Peres addressed 29 Arab and Muslim foreign ministers

President applauded at Gulf Security Conference in Abu Dhabi after speaking via satellite from his office in Jerusalem

Shimon Peres at his Jerusalem residence (photo credit: Miriam Alster/Flash90)
Shimon Peres at his Jerusalem residence (photo credit: Miriam Alster/Flash90)

In an unprecedented event, President Shimon Peres spoke from his office in Jerusalem via satellite to 29 foreign ministers from Arabic and Muslim countries at the Gulf Security Conference in Abu Dhabi two weeks ago.

While Peres spoke, none of the attendees left the room and some even applauded his remarks, according to Israel daily Yedioth Ahronoth, which reported Monday that Peres talked about how Israel can be a contributing factor in the Middle East and that there is an opportunity for dialogue between Israel and its neighbors about their common concerns, such as the fight against Islamic extremism and Iran’s nuclear program. Peres also presented his vision of global peace.

“There was a lot of excitement from both sides about [Peres’s address],” said an official who was involved in organizing the event. “Everybody understood that this was something historic: the president of the Jewish state sitting in his office in Jerusalem with an Israeli flag and [the foreign ministers] sitting in the Persian Gulf discussing security, the war on terror and peace.”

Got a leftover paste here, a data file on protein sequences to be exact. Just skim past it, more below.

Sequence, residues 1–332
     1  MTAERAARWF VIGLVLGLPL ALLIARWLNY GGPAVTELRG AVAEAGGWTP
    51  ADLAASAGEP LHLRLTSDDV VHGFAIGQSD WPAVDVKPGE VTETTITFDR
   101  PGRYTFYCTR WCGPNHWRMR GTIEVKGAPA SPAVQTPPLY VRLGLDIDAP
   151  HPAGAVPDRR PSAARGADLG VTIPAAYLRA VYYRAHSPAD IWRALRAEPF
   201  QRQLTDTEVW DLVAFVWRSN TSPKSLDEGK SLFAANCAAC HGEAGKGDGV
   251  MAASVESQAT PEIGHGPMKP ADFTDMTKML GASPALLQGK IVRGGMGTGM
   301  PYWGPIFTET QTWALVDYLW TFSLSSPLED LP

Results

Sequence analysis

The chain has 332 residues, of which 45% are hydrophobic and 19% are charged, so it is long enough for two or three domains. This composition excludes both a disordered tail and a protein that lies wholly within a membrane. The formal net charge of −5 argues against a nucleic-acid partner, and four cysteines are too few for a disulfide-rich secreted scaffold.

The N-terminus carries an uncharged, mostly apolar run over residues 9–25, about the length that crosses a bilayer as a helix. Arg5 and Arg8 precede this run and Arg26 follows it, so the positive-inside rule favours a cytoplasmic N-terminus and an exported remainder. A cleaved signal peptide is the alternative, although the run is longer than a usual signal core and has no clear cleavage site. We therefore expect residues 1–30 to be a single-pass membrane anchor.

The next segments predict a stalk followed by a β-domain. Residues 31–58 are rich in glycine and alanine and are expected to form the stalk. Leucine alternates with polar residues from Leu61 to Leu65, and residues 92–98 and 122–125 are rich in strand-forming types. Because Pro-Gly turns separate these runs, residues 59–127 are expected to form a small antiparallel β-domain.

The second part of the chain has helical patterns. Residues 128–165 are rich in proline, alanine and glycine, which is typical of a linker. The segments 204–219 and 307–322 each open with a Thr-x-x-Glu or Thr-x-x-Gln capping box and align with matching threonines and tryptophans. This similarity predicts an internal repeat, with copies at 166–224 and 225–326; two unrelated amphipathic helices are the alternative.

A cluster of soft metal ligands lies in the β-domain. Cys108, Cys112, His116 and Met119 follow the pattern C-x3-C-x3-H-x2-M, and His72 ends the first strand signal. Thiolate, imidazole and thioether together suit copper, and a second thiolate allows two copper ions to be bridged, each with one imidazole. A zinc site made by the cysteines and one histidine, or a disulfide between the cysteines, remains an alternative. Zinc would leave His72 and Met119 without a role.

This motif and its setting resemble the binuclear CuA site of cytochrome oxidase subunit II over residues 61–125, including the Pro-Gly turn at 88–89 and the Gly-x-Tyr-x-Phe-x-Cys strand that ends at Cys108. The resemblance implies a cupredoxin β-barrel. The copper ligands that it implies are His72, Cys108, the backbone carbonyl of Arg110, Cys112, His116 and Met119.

Peres, who was chosen by the summit’s organizer, the United Arab Emirates, to open the conference, was interviewed via satellite by UN Under Secretary-General Terje Rød-Larsen. As per the conditions for Peres’s appearance, the president and the foreign ministers only spoke through Larsen, and none of the content was leaked to the press.

Among the countries represented were Bahrain, the United Arab Emirates, Kuwait, Oman, Yemen, Qatar, Indonesia, Malaysia and Bangladesh.

New York Times columnist Tom Friedman, who was at the Abu Dhabi event, initially noted Peres’s address at the conference in an article two weeks ago.

While Israel and much of the Arab and Muslim world are generally at odds, they have recently found some common ground in their opposition to Iran’s rogue nuclear program and concerns about US-led negotiations to thwart that program.

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